In order to understand the operation of this circuit, consider first the on-chip bias generator 60. Bipolar transistors 67 and 65 have respective emitter areas of A67 and A65. Gain element 69 adjusts the voltage of node 70 so that the voltages of nodes 66 and 68 are equilibrated. Matched P-channel transistors 71 and 73, both of width W1 and driven by node 70, source equal currents to transistors 65 and 67, respectively. Thus, the current through resistor 76, I76, can be represented as: ##EQU3##

Since the current through transistor 73, I73, is the same current which flows through resistor 76, I73 will be equal to I76. Transistor 77, also of width W1, is matched to transistor 73 (and to transistor 71) and will conduct a current equal to IR76, since it is biased identically to transistor 73 and is the same width.

Transistors 79 and 81, both of width W2, form a current mirror and will cause the current through transistor 81, I81, to equal the current through transistor 77, I77, which has been shown above to equal I76. Transistor 83 is of width W4. Since the current through transistor 83, I83, is the same current as flows through transistor 81, I83 will also be equal to I76.

The two current sources are selectively enabled as follows. When OUT is low, P1 will be high, P2 will be low, transfer gate 85, which is controlled by P1, will couple node 86 to bias node 82, and transfer gate 87 will be off. Transistor 93, of width W5 and biased identically to the biasing of transistor 83, will conduct a current IP equal to the reference current I76 times the ratio of W5 over W4. Transistor 95 remains off as its gate electrode, node 90, is coupled to ground through transfer gate 91 while transfer gate 89 remains off. Therefore, all the current IP flows through resistor 51, and produces a positive voltage VP on node 58 (when OUT is low).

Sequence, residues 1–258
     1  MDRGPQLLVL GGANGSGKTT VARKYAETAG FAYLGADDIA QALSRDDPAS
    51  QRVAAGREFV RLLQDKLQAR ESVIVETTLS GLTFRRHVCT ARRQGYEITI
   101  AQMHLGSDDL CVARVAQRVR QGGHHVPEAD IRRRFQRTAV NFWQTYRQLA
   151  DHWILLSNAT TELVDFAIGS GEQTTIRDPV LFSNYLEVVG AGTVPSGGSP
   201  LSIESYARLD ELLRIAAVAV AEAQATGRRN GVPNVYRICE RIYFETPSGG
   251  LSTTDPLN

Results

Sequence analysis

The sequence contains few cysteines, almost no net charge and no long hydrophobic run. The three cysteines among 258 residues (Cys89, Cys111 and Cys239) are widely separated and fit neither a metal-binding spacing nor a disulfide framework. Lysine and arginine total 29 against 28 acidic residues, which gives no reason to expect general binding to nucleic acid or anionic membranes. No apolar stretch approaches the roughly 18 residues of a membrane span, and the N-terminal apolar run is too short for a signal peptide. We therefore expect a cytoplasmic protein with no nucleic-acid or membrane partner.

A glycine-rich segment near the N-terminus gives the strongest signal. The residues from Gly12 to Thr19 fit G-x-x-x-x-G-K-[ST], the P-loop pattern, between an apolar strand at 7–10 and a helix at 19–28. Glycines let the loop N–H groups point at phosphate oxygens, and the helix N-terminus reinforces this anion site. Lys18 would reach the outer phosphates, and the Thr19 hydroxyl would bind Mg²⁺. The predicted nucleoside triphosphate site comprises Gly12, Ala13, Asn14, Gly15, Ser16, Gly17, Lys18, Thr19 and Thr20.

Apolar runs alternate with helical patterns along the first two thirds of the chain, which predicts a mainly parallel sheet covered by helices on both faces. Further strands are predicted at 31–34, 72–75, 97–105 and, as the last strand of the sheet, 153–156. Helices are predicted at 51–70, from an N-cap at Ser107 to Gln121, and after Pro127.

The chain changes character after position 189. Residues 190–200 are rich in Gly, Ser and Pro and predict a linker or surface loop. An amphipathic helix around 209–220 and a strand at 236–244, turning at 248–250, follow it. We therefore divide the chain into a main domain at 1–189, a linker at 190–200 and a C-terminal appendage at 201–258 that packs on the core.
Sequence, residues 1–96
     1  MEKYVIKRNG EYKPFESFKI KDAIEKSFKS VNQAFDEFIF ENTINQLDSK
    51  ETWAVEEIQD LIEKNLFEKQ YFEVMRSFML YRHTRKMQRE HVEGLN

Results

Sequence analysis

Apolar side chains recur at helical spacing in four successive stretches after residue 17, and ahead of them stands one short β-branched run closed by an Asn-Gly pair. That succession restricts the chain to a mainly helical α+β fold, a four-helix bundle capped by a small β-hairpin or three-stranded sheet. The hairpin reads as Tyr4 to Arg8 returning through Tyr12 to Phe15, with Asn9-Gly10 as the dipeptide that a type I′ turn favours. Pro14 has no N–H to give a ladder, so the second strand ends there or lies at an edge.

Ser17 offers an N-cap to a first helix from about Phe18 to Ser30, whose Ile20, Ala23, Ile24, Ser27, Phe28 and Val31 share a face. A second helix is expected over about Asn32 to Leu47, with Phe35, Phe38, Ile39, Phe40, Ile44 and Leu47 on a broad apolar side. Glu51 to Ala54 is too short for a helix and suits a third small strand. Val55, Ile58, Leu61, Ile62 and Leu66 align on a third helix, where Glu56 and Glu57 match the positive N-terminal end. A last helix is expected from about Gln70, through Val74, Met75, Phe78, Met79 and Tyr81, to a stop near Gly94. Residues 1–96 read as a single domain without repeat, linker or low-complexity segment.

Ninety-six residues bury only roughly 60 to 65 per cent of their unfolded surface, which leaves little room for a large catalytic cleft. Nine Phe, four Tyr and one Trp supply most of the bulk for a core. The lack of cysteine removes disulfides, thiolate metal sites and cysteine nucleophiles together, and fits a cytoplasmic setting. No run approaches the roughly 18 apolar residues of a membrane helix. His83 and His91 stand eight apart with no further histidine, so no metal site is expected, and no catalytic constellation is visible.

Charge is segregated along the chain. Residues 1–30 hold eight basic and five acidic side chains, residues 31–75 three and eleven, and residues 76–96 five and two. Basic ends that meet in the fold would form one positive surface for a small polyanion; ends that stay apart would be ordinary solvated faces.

Summarizing equations: ##EQU4##

In the above equations "k" is Boltzmann's constant, "T" is absolute temperature in degrees Kelvin, and "q" is the electronic charge.

Conversely, when OUT is high, P1 will be low, P2 will be high, transfer gate 87 (controlled by P2) will couple node 86 to VDD, thereby turning transistor 93 off. Transfer gate 89 will couple node 90 to bias node 78. Transistor 95, of width W3 and now biased identically to transistor 81, will conduct a current IN equal to the reference current I76 times the ratio of W3 over W2.

Similar equations can be written for VN : ##EQU5##

The ratios ##EQU6## in equations 9 and 13 above can be very well controlled with careful layout techniques, as all are ratios of like components, and are not dependent on absolute values. Since k and q are physical constants, the absolute temperature T is the only non-constant parameter.

Since the equations for VP and VN can both be represented as:

VP =(constant) T

VN =(constant) T

both VP and VN are found to be PTAT sources, or "proportional to absolute temperature", and are not dependent on semiconductor process parameters of the circuit components.

In another embodiment, a hysteresis comparator provides for a fully differential input (where neither the non-inverting nor inverting inputs are connected to the comparator reference 14) and uses a gain stage which is sampled and latched. As in the embodiment of FIG. 6 above, the decision voltages VP and VN are insensitive to semiconductor process variations, are proportional to absolute temperature, and do not require precision reference voltages. This embodiment, shown in FIG. 10A, uses capacitors to offset the input differential voltage by an amount equal to the decision voltage.